On top of that scary rhetoric came the hawk vs. superhawk debate on national defense between President Ford and challenger Ronald Reagan during the Republican presidential primary campaign, plus public opinion polls indicating the American people wanted a stronger military.
Democratic political leaders advised their members in Congress last year to contain the defense budget debate to Ford vs. Reagan by going along with Ford's Pentagon budget request. While this amounted to only a temporary broadening of the constituency, the polls had a more lasting effect.
"Americans have become significantly more sympathetic toward overall military and defense spending," said Potomac Associates in discussing the results of its polling last year in a pamphlet. "The Pursuit of National Security: Defense and Military Balance."
Specifically, the Potomac Associates poll indicated a growing number of Americans wanted defense spending to go up, with 9 per cent of those surveyed in 1972 favoring an increase; 17 per cent in 1974 and 28 per cent in 1976. The percentage that wanted defense spending to be reduced dropped from 37 per cent in 1972 to 33 per cent in 1974 and 20 per cent in 1976.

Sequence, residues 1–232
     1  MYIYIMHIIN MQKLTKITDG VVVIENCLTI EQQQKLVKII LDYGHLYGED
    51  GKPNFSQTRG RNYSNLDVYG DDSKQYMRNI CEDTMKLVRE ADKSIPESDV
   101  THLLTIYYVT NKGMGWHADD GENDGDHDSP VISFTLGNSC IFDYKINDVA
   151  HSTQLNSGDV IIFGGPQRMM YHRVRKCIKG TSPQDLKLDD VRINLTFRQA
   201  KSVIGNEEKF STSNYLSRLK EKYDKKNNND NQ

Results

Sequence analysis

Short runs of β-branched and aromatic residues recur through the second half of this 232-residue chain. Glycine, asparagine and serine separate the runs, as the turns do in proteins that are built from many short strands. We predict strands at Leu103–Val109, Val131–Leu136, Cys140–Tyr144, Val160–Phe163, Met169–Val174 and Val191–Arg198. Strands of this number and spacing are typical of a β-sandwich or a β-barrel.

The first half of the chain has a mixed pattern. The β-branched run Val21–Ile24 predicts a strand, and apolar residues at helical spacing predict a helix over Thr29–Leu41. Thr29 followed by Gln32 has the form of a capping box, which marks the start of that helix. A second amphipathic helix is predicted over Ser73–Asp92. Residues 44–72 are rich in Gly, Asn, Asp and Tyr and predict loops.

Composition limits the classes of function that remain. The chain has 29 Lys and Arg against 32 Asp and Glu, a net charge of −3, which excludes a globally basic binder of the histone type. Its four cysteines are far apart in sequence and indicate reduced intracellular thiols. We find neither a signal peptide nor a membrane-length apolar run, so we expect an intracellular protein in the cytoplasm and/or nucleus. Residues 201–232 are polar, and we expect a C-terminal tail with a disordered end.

Rumsfeld, stressing to Congress that the Soviet military buildup "is real and powerful" and would not be restrained if the United States failed to respond through higher defense spending, has cautioned against overreacting by throwing gobs of money at the problem.
The Pentagon's new defense budget calls for $123 billion for fiscal 1978 starting next Oct. 1, about $10 billion over the fiscal 1977 request but not a panic reaction in the view of defense leaders. The five-year budget plan Carter will inherit calls for a steady growth in defense spending in response to the Soviet buildup.
But partly because the "Russians are coming" rhetoric will be broadcast louder than ever this year by hawkish organizations aided by new interpretations in the Central Intelligence Agency's latest report on the Soviets, arms control groups fear defense spending will soon get out of hand.
"Apparently there is a major effort underway to recreate the atmosphere of the 'missile gap' days of 1960" when Democratic presidential candidate John F. Kennedy charged the Republican administration with letting the Soviet Union get way ahead of the United States in intercontinental ballistic missiles, said Thomas A. Halsted, executive director of the Arms Control Association.